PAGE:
Lactobacillus reuteri in health and disease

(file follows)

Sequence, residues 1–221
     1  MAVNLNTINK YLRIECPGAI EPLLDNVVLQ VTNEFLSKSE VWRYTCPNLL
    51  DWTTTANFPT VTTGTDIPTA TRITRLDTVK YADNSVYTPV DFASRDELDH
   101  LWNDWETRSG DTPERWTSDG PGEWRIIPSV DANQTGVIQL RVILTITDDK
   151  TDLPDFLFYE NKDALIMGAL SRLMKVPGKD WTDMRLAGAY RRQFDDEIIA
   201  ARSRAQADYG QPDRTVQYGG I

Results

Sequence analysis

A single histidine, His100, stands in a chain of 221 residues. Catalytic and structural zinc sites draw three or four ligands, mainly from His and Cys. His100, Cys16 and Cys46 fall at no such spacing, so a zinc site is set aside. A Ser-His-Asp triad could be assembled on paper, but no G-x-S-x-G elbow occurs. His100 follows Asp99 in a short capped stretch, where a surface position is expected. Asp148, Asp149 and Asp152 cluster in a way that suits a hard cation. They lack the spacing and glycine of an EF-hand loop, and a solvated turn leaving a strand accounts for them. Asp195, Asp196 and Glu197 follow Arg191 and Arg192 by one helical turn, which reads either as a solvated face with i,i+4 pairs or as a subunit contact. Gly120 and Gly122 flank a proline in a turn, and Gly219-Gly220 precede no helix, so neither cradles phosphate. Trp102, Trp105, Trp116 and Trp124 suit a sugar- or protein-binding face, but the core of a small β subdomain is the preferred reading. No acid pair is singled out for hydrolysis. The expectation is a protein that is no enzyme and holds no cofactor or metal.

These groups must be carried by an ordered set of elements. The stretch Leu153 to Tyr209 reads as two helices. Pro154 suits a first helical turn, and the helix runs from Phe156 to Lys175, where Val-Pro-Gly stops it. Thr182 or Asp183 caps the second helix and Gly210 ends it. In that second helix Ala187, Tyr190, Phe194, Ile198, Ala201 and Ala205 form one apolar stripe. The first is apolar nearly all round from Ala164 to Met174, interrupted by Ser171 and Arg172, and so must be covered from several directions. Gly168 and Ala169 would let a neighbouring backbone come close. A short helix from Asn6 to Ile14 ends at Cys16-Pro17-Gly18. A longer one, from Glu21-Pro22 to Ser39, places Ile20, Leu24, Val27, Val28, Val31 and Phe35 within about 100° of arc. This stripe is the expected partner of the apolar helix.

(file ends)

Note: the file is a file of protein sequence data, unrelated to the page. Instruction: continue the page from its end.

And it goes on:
Abstract: People have exploited fermentation by lactobacilli for centuries as a means of preparing and preserving foods. Several different bacterial species are today used as probiotic bacteria in different products both for human and animal applications. By definition probiotic bacteria are “live microorganisms which when administered in adequate amounts confer a health benefit on the host”. The most commonly used bacteria for the probiotic concept are found within the lactic acid bacteria (LAB) group. One of several genera included in the LAB group is Lactobacillus. One species of Lactobacillus, Lactobacillus reuteri has been studied extensively and certain strains have been shown to be probiotic i.e. health promoting with diverse beneficial effects, and thus it was interesting to further investigate the properties of these bacteria. To put this thesis work into context, the field of probiotic research is described and examples of proven probiotic effects are discussed. The overall aim was to investigate L. reuteri and its microbial action in the microbiota of humans and its relationship to health and disease. L. reuteri was shown to be a natural component of human milk. It was found in approximately one in seven nursing mothers living in geographically widely separated countries. Breast milk may be considered as a natural synbiotic and evidence from these results suggest that L. reuteri is one of the beneficial components in this regard. L. reuteri was also proven to be effective in reducing both gingivitis and dental plaque in patients with moderate to severe gingivitis, suggesting an improvement in periodontal health. Bacterial antagonism through the probiotic administration in the oral cavity might have contributed to the observed alleviation of symptoms and clinical manifestations of periodontal disease. It was shown that L. reuteri supplementation of pregnant mothers and their offspring during the first year of life resulted in detection of L. reuteri in breast milk and infant stool. Administration of L. reuteri resulted in the presence of L. reuteri in saliva, but no significant effect on supra- or subgingival microbiota was observed. The significant increase in plaque index in the control group with no significant change in the test group may however indicate a probiotic effect of L. reuteri in this study population of healthy individuals.
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